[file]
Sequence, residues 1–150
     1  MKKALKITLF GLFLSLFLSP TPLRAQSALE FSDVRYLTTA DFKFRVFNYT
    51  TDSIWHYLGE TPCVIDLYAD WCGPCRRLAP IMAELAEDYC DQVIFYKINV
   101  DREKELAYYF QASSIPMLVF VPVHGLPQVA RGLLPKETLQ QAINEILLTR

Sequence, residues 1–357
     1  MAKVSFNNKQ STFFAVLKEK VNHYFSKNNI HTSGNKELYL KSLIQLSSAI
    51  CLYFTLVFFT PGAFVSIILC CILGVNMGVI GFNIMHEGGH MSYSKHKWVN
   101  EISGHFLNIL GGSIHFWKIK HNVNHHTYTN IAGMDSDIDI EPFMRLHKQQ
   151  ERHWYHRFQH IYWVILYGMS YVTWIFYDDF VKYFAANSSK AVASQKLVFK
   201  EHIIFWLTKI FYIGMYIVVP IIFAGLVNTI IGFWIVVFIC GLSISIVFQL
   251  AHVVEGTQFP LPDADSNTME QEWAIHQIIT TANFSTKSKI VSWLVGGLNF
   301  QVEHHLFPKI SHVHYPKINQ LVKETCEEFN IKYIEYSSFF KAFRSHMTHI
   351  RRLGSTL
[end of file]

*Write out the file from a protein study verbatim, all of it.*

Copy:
Sequence, residues 1–150
     1  MKKALKITLF GLFLSLFLSP TPLRAQSALE FSDVRYLTTA DFKFRVFNYT
    51  TDSIWHYLGE TPCVIDLYAD WCGPCRRLAP IMAELAEDYC DQVIFYKINV
   101  DREKELAYYF QASSIPMLVF VPVHGLPQVA RGLLPKETLQ QAINEILLTR

Sequence, residues 1–357
     1  MAKVSFNNKQ STFFAVLKEK VNHYFSKNNI HTSGNKELYL KSLIQLSSAI
    51  CLYFTLVFFT PGAFVSIILC CILGVNMGVI GFNIMHEGGH MSYSKHKWVN
   101  EISGHFLNIL GGSIHFWKIK HNVNHHTYTN IAGMDSDIDI EPFMRLHKQQ
   151  ERHWYHRFQH IYWVILYGMS YVTWIFYDDF VKYFAANSSK AVASQKLVFK
   201  EHIIFWLTKI FYIGMYIVVP IIFAGLVNTI IGFWIVVFIC GLSISIVFQL
   251  AHVVEGTQFP LPDADSNTME QEWAIHQIIT TANFSTKSKI VSWLVGGLNF
   301  QVEHHLFPKI SHVHYPKINQ LVKETCEEFN IKYIEYSSFF KAFRSHMTHI
   351  RRLGSTL